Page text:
Jerome Bettis spent the majority of his 13-year career with the Pittsburgh Steelers, playing with the team for 10 years after he was acquired from the Los Angeles Rams via trade before the 1996 season. Bettis would end his career with his first-ever Super Bowl title in Super Bowl XL, but before his 12th year in the league in 2004, Bettis turned down a trade from Pittsburgh to the Chicago Bears. Talking with NBC Sports’ Peter King on Radio Row during Super Bowl Week, Bettis discussed why he turned the trade down.
“It was the latter part of my career, it was actually a year before I retired. It was the season going into my 12th year, and it was the Chicago Bears. Coach came to me in camp and said, ‘Bears want to trade for you.’” Bettis said the Steelers organization let him make the call on whether or not he wanted to be dealt to Chicago. “I told them basically it’s thoughtful, I appreciate it, it’s great to be wanted, but I know if I went to Chicago, they wanted the 1998 Bus. They didn’t want the 2003 Jerome Bettis. So, I knew going in that I wouldn’t be able to give them what they wanted.
Bettis added that he felt he’d be more effective if he stayed with Pittsburgh.
“I give myself a better chance here, being a backup and being more effective than I would going to try and carry the ball 16 times.”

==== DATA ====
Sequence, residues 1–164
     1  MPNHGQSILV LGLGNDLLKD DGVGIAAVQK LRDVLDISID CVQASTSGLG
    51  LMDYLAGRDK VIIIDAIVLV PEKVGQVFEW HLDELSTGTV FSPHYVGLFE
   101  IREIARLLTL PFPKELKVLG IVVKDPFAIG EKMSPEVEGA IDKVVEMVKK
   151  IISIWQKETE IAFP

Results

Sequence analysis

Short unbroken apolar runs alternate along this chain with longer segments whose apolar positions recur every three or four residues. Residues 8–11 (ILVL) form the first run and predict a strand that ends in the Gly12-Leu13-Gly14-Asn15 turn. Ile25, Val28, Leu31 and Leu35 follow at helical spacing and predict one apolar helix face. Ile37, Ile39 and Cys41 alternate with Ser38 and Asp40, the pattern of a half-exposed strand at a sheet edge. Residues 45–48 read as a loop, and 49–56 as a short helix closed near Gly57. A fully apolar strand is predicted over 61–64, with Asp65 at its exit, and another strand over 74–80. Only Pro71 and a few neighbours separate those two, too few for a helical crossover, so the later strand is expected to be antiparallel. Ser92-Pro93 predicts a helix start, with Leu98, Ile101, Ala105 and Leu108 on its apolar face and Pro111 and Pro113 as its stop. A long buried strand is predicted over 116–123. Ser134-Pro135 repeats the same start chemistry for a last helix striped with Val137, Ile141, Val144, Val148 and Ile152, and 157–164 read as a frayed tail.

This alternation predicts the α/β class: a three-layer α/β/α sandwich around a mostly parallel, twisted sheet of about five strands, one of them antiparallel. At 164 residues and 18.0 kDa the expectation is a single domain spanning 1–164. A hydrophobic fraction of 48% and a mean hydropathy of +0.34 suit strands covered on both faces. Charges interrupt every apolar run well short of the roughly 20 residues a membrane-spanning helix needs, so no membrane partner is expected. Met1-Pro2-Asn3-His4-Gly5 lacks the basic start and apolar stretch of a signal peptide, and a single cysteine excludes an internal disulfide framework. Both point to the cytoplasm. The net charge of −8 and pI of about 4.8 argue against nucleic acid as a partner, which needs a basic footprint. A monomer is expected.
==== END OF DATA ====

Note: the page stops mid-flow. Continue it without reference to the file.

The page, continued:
If Bettis got dealt to the Bears, he surely would’ve been the team’s starting running back in 2004. It was the team’s first season under their former Head Coach Lovie Smith, and their starting running back that year was Thomas Jones, who spent the prior four seasons primarily as a backup. But ultimately, Bettis knew his body couldn’t hold up as a starter, and he was content backing up free-agent Duce Staley in Pittsburgh during the ‘04 season.
The irony of that is that Staley missed six games in 2004 with a hamstring injury and Bettis toted the rock 250 times for 941 yards and 13 touchdowns in 2004 on a Steelers team that went 15-1 with a rookie Ben Roethlisberger leading the charge. Bettis had seven games with over 15 carries and six with 27 or more carries, which is a heck of a lot for a guy who didn’t think he could handle a starter’s load. In 2005, with Bettis dealing with an injury and Willie Parker in the fold, Bettis did take more of a backup role, totaling 110 carries on the season and eventually winning his first Super Bowl in his hometown of Detroit.
With Staley’s injury concerns, holding onto Bettis in 2004 proved to be the right move, even if it was done on his own volition. It also shows a lot of character by Bettis to stick with the Steelers because he knew he couldn’t give the Bears what he perceived to be his best. It also shows Bettis’ love for the Steelers organization that he was content to stay a backup and do his job rather than likely see more touches and potentially a bigger salary elsewhere.
Ultimately, Bettis is a fan-favorite in Pittsburgh. If the Steelers traded him in ‘04, there’s not only a chance they don’t win the Super Bowl in 2005, but if they did it would’ve been ever so slightly bittersweet knowing Bettis wasn’t able to win one with the Steelers. That’s not the case though, and the Hall of Fame running back will go down in team history forever.